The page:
Je savais bien qu"'on allait avoir droit à une belle photo du feu d'artifice de Paris. Je suis retournée sur ton post 2009 et je réitère ce que j'avais, à savoir que tes photos sont sublimes.
Quel post complet et intéressant sur ce musée de Montmartre avec tous ces peintres de talent.
Je regrette de ne pouvoir être à Paris pour l'expo Monet.

Cezar and Léia said...

Congratulations for this amazing post dear Peter, it's a brilliant reportage full of great details and information.
I saw the fireworks at French TV here, and I confess my eyes were full of tears, it was a magnificent show!
Please forgive my absence.Our son has arrived from Brazil, enjoying some days of vacations.I'm very happy! :)
Maybe I will take some days of "blogvacations"!
hugs and a nice week ahead,
Léia

la jeune captive said...

abzolutely fantastic!!!!

zank you, peter.

Shopgirl said...

I adore montmarte and its heritage of artists, not to say the famed white domed church. A lovely slice of memories surface with each of your posts, feel fortunate though I can't visit this year.

Mona said...

Wow! Peter! That is quite a labor extensive post! Thanks for posting about so many artists and also showing their work in such a systematic manner! It has been most interesting to read and see this post!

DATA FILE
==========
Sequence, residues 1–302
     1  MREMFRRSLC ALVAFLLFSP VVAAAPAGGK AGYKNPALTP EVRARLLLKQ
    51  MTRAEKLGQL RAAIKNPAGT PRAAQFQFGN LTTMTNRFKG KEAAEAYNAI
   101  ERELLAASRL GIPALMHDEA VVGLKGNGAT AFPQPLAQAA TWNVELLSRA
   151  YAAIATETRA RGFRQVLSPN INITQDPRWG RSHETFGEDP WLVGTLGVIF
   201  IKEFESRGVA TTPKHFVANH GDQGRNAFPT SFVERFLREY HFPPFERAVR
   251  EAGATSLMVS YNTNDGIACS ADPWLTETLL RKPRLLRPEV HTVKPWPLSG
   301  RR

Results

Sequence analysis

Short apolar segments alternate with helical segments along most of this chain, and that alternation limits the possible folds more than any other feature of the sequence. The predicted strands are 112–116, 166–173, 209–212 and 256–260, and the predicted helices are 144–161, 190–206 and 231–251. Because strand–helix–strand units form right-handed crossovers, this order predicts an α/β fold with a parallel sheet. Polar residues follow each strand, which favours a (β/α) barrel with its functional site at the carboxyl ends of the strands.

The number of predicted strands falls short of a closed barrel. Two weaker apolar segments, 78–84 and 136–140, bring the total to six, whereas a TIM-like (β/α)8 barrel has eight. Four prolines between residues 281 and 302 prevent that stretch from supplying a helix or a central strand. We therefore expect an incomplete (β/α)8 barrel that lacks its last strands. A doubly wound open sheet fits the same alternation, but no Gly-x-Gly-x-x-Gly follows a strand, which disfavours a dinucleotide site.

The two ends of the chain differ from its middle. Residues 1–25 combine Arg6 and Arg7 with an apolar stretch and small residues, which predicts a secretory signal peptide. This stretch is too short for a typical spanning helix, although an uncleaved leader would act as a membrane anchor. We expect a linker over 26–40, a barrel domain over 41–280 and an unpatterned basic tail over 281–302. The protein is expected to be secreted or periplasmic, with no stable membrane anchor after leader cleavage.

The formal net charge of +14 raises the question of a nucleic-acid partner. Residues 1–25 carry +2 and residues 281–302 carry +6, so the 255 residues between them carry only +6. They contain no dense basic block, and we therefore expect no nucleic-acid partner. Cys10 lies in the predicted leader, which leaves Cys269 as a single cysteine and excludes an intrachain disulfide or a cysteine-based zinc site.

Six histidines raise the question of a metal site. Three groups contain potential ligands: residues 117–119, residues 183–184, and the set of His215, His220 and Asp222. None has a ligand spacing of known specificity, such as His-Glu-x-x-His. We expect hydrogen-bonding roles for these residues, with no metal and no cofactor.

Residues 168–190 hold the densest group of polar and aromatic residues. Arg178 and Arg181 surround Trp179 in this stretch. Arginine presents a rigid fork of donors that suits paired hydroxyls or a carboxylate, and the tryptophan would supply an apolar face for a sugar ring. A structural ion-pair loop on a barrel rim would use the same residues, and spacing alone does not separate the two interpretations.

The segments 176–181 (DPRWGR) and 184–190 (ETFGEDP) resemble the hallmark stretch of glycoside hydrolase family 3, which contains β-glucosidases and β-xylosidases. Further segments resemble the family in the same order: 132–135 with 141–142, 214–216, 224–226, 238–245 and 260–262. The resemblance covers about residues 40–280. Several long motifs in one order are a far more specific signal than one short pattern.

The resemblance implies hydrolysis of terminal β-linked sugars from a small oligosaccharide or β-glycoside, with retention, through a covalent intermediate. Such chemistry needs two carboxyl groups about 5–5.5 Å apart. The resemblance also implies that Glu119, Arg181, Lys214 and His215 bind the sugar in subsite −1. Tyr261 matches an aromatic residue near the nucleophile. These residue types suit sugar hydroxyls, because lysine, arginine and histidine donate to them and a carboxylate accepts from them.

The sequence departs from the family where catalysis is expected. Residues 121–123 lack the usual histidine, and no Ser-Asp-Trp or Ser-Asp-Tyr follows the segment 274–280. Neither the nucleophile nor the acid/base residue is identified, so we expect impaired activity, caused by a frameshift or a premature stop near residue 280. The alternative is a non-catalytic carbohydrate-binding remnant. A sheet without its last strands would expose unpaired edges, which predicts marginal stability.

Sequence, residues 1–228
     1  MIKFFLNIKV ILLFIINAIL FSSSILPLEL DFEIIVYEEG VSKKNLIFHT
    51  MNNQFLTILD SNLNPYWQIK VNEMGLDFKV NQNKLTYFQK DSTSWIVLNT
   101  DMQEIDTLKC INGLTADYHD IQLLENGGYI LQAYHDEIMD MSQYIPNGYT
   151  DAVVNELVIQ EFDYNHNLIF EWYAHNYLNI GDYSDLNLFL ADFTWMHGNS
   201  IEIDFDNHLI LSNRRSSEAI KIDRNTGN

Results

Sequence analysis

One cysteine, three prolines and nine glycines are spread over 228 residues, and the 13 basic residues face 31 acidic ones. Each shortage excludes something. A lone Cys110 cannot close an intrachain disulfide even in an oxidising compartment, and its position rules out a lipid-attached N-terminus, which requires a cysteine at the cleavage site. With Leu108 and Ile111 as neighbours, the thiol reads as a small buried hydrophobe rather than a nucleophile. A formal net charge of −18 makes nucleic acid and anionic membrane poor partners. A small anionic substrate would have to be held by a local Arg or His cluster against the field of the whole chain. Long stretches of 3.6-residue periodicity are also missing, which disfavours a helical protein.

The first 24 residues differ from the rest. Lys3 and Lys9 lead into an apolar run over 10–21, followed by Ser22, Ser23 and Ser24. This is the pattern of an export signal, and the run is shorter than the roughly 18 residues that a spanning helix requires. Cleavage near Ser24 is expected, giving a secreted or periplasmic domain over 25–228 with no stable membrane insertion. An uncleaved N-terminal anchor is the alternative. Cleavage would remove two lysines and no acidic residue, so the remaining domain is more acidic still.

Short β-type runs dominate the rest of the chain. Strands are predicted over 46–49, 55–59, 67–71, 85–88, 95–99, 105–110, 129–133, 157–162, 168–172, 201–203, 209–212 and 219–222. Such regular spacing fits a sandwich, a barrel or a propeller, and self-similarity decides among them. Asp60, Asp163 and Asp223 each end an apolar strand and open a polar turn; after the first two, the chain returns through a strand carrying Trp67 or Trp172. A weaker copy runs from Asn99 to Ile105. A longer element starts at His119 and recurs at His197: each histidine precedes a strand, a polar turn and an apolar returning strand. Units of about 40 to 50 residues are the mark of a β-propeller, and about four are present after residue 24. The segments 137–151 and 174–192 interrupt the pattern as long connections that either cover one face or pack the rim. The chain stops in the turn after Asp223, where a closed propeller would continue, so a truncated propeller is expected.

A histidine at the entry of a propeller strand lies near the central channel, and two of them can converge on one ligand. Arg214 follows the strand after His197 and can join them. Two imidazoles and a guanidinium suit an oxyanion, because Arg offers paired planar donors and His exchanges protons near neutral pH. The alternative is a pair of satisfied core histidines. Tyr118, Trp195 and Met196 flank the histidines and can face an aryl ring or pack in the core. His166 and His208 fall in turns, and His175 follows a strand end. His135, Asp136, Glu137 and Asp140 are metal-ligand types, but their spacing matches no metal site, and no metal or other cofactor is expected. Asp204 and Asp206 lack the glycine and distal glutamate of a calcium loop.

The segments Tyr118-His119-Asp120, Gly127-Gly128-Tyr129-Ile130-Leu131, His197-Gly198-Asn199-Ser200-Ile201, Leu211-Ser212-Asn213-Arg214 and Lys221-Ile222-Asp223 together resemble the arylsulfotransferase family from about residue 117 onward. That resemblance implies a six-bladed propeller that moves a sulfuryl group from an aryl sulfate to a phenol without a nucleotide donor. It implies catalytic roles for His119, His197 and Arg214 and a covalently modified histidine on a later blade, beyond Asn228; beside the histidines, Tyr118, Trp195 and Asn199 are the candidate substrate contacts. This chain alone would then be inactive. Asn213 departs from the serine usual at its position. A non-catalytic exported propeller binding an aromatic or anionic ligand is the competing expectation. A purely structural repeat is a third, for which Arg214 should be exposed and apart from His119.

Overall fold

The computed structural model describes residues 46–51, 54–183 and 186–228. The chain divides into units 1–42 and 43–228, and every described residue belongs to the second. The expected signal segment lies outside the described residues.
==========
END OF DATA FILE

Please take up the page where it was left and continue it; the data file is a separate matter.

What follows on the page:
Trotter said...

Wow! What a post!!
What do they need a President for? ;))

Bish Bosh Bash said...

Spectacular top photo there, and what a location. I bet you held your breath till you uploaded that batch up onto your PC later. I know I would have done. I’ve just cheated and borrowed the official Paris video of the fireworks display from last weeks ‘Bastille Day’ celebrations for my own homage to ‘Les Vainqueurs de la Bastille’.

To realise that Renoir produced ‘Moulin de la Galette’ from one of the buildings nearby alone – let alone so many others. It’s like being in the vicinity of the Holy Grail itself.

Thanks for the pictorial expo of Montmartre artists of such legend as these. Takes a lot of time and effort to contrive a detailed post such as this. Great job. Bravo.